Wednesday, May 30, 2012
Sunday, May 27, 2012
If you were a pseudo-rebellious youth in the late 90's, like myself, there are probably certain things you remember. Backwards ball caps; Actually Thinking Limp Bizkit was cool; Watching Beavis and Butt-head. One of the most prolific things I recall from that era was "Fire Water Burn," by the Bloodhound Gang. My introduction to this song was likely similar to that of many of you, the censored radio version that used this amazing Donkey bray to cover the word 'motherfucker.' It was such an entertaining edit that when I finally got my hands on the album I was almost disappointed by the unedited cut.
In 1996 the Bloodhound Gang put out their sophomore effort, One Fierce Beer Coaster. Despite being their second offering, this album was the one that saw Bloodhound Gang to widespread fame. As mentioned above, "Fire Water Burn" became a pop culture phenomenon, but the album also produced the radio singles "I wish I was Queer So I Could Get Chicks" and "Why's Everybody Always Picking on Me?" The Album also features a remake of Run DMCs "It's Tricky" and a collaboration track with Rob Van Winkle, better known as Vanilla Ice, called "Boom."
I am well aware that this album is 16 years old, and may have reached the entirety of its popularity at this point. That being said, I love this album front to back. It holds up to this day. The songs are energetic, funny, and altogether enjoyable. The Bloodhound Gang are really ahead of the game here mixing elements of Hip Hop, Punk, and even hints techno. They were blurring the lines between genres before the practice became popular and common place. I also would make an argument that they were early pioneers of the nerdcore subgenre, with songs about Mr. Rogers, Homer Simpson impressions and countless references to Star Trek, Mash, and other pop culture staples.
I cannot recommend this album strongly enough. The offensive low esteem fueled lyrics teach a lesson that I have taken to heart, which is that if you accept that there are horrible things in this world, and learn how to laugh at them, you may just make it though this life in one piece. To quote the group themselves, "There's no reason to live, but we like it that way."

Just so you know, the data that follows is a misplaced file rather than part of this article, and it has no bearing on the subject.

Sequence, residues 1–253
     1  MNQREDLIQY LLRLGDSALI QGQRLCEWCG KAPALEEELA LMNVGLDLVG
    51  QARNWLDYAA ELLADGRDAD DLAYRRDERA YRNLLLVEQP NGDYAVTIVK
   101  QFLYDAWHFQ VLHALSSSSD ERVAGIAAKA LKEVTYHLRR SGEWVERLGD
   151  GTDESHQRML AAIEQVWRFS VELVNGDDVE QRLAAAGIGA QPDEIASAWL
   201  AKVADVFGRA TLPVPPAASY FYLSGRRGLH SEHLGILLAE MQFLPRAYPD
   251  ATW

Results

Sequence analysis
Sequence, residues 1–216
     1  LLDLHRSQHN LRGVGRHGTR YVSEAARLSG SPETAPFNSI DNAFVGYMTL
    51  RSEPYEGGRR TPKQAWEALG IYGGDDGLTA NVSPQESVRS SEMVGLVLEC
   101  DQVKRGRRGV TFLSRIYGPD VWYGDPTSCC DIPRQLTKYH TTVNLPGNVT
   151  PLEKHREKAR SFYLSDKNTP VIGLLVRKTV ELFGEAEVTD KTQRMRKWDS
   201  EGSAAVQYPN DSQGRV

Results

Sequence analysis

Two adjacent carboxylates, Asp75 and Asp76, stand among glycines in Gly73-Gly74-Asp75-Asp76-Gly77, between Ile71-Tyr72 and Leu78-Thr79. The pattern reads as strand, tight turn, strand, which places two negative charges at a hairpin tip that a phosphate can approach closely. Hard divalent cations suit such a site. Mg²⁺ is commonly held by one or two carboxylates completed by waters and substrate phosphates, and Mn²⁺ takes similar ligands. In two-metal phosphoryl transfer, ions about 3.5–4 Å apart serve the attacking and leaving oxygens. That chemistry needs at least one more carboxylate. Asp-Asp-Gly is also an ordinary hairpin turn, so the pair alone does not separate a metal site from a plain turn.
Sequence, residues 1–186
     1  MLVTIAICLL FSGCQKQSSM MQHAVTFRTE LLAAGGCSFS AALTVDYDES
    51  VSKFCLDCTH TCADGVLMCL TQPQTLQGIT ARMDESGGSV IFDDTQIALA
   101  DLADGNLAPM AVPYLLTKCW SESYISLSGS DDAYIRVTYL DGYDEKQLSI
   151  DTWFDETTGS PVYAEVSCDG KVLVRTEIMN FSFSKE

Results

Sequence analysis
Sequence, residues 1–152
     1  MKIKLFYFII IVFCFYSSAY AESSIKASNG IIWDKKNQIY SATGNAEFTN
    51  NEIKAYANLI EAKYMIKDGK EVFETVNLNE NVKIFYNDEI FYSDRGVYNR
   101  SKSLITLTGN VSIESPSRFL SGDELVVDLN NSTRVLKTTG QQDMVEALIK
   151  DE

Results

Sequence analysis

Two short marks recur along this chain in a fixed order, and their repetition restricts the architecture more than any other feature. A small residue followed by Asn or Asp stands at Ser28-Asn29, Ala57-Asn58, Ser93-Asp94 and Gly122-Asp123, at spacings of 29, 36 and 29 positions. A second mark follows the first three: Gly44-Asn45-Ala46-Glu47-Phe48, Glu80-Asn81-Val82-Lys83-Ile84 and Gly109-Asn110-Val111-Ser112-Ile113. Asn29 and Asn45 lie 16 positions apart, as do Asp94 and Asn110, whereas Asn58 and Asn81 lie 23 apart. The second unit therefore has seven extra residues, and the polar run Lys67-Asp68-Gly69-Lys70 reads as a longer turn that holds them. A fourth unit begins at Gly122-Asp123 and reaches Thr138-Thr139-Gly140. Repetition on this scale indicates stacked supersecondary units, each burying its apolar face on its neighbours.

Saturday, May 19, 2012
Sunday, May 13, 2012
Tuesday, May 8, 2012
Monday, May 7, 2012
Sunday, May 6, 2012
One of my all time favorite films is High Fidelity. This movie has had a far deeper impact on my life than should be humanly possible. In it there is a line spoken by John Cusak referring to the vinyl records as “Fetishized possessions.” This is a concept I have always found fascinating to which I can relate. I have many fetishized possessions, but the one that concerns me now is a collection of movie ticket stubs I have kept since as early as 1998.
I feel it is important to mention, that I hadn’t chosen it for this reason, but upon leafing through my ticket stub collection, I find that I have one for when I first saw High Fidelity in theaters. The collection started as an extension of my OCD tenancies. To this day, I have trouble throwing away receipts and the plastic name tags they stick to the top of DVDs. Ticket stubs were just another one of those things, but at the same time, they were always different. Even if it is only seeing a movie, a ticket stub is a physical reminder of a moment in history. I can look at certain tickets in my collection and have them pull up a memory as vivid as if it had just happened yesterday. Some of the best points in my life have been punctuated with movies; first dates, birthdays, points both high and low in my life, and the relationships I’ve kept with my friends over the years.
I can hold my "House of 1000 Corpses" stub and remember one of the last times I spent with my cousin and good friend before he moved out to Virginia. Elsewhere on the Spectrum is the ticket to "Freddy got Fingered", which is a reminder of a strange outing with my then girlfriend and my grandmother, who for some reason wanted to see this over the top film. I often go through my collection and reminisce. It also is an interesting visual guide to the changes made to tickets at the same theater over the years. Some of these theaters I have been frequenting for at least 10 years.
Recently Seth, friend and Ponder Couch mate, gave me an album designed specifically for ticket stubs. It seems like it may have been designed with a larger ticket stub in mind, but I am slowly filling it up and I am enjoying the new way to display and protect my collection. I may add pictures of the album as it fills out.